Memory Access - The Third Dimension of Scheduling

  • Author:

    Frank Bellosa

  • Source:

    University of Erlangen, Technical Report TR-I4-97-01, January 1997

  • Date: 01.1997
  • Abstract:

    Up to now, two internal events influence scheduling decisions of contemporary operating systems: timer events and I/O-related interrupts. Timing information supports preemption and priority adjustment. Knowledge about issued or completed I/O operations helps to wake-up sleeping processes and to boost their priority. Preferring deblocked processes at the end of I/O operations improves the interactive performance and saves buffer space because available data is consumed short after its availability.

    With the upcoming of processors clocked with hundreds of megahertz, the processor speed exceeds the speed of affordable memory by factors. If it is accepted to influence execution priorities by slow I/O events, why should scheduling neglect events related to other slow devices like main memory and memory data paths?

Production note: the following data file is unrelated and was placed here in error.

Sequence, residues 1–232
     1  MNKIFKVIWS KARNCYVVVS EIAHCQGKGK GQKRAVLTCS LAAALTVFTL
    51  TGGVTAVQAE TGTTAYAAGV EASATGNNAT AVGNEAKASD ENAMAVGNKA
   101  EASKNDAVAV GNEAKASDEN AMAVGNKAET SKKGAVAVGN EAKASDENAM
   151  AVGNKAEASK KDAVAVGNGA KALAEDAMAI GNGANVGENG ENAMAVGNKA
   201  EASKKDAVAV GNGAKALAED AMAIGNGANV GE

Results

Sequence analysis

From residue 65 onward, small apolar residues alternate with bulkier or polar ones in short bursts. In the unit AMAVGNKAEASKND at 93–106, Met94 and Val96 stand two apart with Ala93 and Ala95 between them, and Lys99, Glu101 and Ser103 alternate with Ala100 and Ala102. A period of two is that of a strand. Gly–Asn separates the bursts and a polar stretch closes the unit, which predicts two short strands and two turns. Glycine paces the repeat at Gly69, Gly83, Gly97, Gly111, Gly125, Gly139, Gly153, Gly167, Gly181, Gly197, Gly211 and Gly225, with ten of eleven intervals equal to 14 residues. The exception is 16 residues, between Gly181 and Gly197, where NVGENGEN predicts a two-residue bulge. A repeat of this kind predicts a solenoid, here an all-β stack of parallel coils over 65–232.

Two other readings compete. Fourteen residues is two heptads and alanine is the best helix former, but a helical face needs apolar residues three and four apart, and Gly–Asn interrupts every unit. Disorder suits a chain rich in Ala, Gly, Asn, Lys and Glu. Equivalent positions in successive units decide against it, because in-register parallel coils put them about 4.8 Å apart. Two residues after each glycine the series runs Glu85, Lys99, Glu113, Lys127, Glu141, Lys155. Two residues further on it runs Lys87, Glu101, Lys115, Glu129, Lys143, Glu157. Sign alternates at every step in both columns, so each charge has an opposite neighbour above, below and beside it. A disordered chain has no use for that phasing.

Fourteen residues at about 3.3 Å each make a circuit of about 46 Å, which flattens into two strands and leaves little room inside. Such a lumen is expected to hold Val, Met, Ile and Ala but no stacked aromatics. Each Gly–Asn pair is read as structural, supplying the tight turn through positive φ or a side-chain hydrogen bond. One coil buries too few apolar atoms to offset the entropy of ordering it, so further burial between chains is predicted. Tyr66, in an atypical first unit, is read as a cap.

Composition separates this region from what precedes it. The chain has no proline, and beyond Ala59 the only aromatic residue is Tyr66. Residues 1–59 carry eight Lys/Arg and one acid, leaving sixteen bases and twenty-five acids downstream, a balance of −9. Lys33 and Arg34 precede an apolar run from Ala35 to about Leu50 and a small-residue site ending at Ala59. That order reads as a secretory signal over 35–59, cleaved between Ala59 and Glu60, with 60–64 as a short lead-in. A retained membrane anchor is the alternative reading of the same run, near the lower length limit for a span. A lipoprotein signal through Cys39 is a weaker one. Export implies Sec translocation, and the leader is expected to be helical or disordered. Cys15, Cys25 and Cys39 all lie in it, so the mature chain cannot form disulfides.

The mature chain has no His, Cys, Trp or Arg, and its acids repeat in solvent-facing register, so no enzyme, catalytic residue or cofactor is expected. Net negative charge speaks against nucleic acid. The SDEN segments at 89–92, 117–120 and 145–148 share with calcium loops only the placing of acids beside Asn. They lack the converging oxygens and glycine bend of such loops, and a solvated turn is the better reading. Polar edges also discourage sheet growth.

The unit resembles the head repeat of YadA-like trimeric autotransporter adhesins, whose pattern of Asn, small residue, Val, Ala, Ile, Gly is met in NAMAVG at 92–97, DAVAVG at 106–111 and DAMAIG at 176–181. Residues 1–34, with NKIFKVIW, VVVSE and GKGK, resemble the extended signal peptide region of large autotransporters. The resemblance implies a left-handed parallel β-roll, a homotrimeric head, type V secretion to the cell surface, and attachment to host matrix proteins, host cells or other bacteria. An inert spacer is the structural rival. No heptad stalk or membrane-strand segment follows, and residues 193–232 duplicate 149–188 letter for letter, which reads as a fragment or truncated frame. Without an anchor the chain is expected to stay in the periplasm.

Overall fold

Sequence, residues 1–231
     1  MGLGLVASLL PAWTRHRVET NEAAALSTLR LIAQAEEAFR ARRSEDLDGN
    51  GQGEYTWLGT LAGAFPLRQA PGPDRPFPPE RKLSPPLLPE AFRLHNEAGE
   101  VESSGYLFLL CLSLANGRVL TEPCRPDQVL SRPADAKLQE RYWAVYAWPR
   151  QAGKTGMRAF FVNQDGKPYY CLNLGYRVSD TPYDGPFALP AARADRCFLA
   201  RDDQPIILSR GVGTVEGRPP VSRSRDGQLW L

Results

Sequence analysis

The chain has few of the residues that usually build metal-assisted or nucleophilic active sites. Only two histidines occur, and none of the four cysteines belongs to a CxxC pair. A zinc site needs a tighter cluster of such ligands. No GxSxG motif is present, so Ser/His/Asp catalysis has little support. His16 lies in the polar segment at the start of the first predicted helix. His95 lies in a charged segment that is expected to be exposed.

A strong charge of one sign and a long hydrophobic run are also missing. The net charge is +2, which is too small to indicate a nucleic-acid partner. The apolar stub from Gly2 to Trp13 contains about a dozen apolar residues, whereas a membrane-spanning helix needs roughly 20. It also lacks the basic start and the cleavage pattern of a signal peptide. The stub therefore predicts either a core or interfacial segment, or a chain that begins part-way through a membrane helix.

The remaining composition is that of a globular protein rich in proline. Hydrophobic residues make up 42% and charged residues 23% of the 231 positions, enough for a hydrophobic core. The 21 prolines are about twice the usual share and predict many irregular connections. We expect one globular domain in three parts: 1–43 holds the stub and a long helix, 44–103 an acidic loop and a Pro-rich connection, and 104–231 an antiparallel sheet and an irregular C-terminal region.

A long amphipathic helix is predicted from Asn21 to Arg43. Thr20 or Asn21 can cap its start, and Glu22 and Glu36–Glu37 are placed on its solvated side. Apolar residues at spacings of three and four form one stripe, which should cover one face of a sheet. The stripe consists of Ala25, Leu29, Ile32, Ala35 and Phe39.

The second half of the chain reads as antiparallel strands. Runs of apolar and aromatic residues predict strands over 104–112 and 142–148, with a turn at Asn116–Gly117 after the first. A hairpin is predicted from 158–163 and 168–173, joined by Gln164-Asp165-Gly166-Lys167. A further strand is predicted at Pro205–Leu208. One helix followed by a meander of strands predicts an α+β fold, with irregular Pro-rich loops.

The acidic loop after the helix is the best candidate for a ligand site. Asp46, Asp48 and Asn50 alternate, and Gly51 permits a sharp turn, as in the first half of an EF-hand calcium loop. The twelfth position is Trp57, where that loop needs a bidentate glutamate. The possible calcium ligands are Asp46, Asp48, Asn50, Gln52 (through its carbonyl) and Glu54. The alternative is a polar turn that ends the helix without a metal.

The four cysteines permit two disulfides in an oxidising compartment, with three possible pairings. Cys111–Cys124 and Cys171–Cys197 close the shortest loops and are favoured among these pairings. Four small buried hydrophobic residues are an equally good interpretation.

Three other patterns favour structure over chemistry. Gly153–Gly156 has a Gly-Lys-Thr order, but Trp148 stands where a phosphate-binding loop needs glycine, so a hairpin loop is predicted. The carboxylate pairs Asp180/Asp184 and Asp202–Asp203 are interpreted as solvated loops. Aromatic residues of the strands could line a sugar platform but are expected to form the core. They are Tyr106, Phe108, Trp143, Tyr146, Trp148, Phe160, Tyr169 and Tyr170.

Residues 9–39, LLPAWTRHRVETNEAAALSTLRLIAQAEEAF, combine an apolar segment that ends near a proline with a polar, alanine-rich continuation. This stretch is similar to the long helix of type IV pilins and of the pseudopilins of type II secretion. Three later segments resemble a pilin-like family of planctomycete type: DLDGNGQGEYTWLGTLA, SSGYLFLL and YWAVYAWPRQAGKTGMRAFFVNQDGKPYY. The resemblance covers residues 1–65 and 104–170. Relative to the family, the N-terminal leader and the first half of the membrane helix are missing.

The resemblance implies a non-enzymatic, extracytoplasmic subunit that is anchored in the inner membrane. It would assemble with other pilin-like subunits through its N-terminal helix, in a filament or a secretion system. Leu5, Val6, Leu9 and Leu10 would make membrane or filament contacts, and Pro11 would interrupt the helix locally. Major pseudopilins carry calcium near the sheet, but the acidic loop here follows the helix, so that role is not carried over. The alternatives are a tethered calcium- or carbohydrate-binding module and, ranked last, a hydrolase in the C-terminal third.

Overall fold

Our novel approach to scheduling is based on knowledge derived from counters in the memory subsystem. We demonstrate that the usage of information related to cache- and main-memory access opens new dimensions in real-time and time-slice scheduling of shared-memory architectures. Advanced cache-affinity scheduling, memory-bandwidth guarantees for real-time jobs, and new processor assignment strategies are three basic concepts of a new scheduling philosophy focusing more on memory access than on CPU cycles as the performance determinant factor.


      author = {Frank Bellosa},
      title = {Memory Access - The Third Dimension of Scheduling},
      booktitle = {Technical Report},
      number = {TR-I4-97-01},
      month = jan,
      year = 1997,
      affiliation = {University of Erlangen, Germany},
      url = {}